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planning permission

When you travel to places like New York or Dubai, you realise how small (and short) Dublin City is.

And even though the city has changed drastically over the years, there's still no building taller than 70 metres.

Celtic Tiger developer Johnny Ronan tried to change that by proposing to build Dublin's tallest skyscraper on the South Quays, however, his bid has been rejected.

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The Irish businessman wanted to build a 22-storey hotel and office block just off Tara Street, but there were many people against the plans.

And it looks like Dublin City Council has listened to the opponents, as they believe the hotel would have an ill-effect on the character of the area.

The Council claim that the 88-metre building would have a "significant and detrimental visual impact" on the city.

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Dublin City Council said in a statement: "The proposal would be reason of visual intrusion, have a significant and detrimental visual impact on a number of important views and vistas in the city including from College Green and the Trinity College Campus."

They also noted that the "scale, bulk and height" would take away from “one of the city’s most important architectural set pieces,” The Custom House.

Johnny has one month to appeal the decision, but we honestly can't see it going anywhere at the moment.



Around 23,700 homes in the capital still have to be built, despite them all having planning permission.

The Department of Housing recently released figures showing that only one third of houses have been completed in recent years.

36,956 homes were approved with planning permission, with 13,000 of those been granted in the last 30 months.

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Of those, only 21 per cent have actually been built, while 5,000 are still under construction.

A whopping 64 per cent of houses still need to begin construction, bringing the number to nearly 24,000.

In the Dublin City Council area, no work has been started on 77 per cent of the homes, while in Fingal and South Dublin, nothing has begun on two thirds of the homes.

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In Dun Laoghaire Rathdown 6,659 were granted permission and 46 per cent of works have begun.

According to 98fm, around 35,000 houses and apartments are needed every year to meet the demand and dampen house prices and rental costs.



Planning permission has been granted for a 155-bedroom hotel on the site of Andrew Lane's Theatre on Dame Street.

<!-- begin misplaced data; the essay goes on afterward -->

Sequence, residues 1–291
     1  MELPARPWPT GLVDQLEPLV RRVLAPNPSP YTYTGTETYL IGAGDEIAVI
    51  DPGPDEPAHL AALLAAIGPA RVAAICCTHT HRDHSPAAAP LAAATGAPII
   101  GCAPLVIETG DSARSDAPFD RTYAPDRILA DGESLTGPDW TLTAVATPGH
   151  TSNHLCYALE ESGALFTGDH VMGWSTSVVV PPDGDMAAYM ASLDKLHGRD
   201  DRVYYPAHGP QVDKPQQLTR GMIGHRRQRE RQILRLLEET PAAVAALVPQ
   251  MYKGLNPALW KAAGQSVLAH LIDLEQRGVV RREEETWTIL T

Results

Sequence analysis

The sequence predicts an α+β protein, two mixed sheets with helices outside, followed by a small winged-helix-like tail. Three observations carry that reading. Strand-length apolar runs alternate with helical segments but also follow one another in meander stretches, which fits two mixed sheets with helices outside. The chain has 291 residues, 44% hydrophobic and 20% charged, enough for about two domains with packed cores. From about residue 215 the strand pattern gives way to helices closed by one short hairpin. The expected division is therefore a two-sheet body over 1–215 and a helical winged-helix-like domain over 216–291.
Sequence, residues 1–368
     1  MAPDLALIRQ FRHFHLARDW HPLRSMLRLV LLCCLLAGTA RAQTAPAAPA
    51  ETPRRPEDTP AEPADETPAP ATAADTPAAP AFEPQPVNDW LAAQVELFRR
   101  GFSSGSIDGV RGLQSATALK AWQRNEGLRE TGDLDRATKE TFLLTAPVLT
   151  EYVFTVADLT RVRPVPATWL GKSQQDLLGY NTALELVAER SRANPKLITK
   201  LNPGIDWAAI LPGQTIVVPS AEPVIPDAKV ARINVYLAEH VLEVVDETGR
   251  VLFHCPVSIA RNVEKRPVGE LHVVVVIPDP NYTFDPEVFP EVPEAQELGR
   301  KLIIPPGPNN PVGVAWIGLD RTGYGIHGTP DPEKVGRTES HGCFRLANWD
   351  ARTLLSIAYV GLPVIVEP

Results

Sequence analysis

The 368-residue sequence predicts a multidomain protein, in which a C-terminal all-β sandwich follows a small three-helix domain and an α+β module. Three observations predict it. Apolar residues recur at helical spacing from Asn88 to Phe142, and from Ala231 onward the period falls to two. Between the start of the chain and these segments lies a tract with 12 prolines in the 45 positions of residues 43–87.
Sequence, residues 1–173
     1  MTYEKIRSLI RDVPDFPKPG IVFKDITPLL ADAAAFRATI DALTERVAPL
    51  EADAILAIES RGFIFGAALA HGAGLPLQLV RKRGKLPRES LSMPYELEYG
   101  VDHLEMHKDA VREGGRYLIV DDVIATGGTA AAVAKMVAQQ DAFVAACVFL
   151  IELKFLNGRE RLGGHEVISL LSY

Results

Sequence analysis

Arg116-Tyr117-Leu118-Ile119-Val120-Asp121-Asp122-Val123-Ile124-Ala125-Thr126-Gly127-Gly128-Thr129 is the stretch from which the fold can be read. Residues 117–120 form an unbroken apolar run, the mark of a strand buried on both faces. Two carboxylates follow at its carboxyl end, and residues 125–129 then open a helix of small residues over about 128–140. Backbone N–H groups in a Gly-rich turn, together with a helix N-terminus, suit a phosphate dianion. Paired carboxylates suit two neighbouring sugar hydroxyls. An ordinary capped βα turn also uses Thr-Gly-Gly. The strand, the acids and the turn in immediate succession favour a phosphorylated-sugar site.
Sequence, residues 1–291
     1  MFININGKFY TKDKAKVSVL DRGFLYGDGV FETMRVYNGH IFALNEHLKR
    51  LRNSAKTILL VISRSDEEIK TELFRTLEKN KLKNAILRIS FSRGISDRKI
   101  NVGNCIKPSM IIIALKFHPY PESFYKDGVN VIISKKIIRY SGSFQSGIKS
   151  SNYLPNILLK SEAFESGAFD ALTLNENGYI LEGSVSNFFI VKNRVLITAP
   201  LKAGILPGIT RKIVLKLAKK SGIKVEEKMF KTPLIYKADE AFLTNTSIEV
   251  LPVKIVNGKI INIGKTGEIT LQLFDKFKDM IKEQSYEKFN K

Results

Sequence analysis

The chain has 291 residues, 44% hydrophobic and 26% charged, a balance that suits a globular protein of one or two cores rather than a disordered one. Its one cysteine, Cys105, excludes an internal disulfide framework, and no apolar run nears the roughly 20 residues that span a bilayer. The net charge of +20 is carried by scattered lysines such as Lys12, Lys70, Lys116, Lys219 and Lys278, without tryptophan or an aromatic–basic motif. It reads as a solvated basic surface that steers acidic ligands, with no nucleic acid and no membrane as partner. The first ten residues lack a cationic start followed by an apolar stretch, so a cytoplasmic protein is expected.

The application was made by Appalachian Property Holdings and the total investment into the land will be about €21m.

The bedrooms in the hotel will be 'pod-like', which have become popular in places like New York and Japan.

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There will also be a reception area and coffee dock on the ground floor of the hotel.

Appalachian Property Holdings (which is owned by the same people as KeyWaste) hope to open the hotel by spring 2019.

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“Its primary target audience comprises of well-informed, contemporary and tech-savvy business and leisure individuals who want style, location and value for money,” the planning permission document states.

“This is reflected throughout the ‘limited service’ hotel with sophisticated technology assisting the guests from self-service check-in to compact sophisticated bedrooms, which provide guests with the ability to customise their own environment," the document added.


Starbucks, the multinational coffee retailer is causing a lot of controversy in Cork city at the moment. 

The coffee shop recently opened three new stores across Cork on St Patrick's Street, Princess Street and Emmet Place.

They were all opened in commercial units which were previously retail shops, and the planning authority has since said that the company should have applied for planning permission to change the use of the stores before it opened. 

The decision comes five months after a planning dispute between Cork County Council and Starbucks was referred to An Bord Pleanála.

The County Council claimed that Starbucks should have changed the use of premises from a retail premises, while the coffee shop argued that most people take away their drinks, and thus the operation in nature is retail.

However, An Bord Pleanála has taken the council's side, and said that in all three cases “the scale, nature and layout of the coffee shop is more akin to a restaurant use which is expressly excluded from the definition of ‘shop’.”

Sorry, Starbucks. You lost out on this one.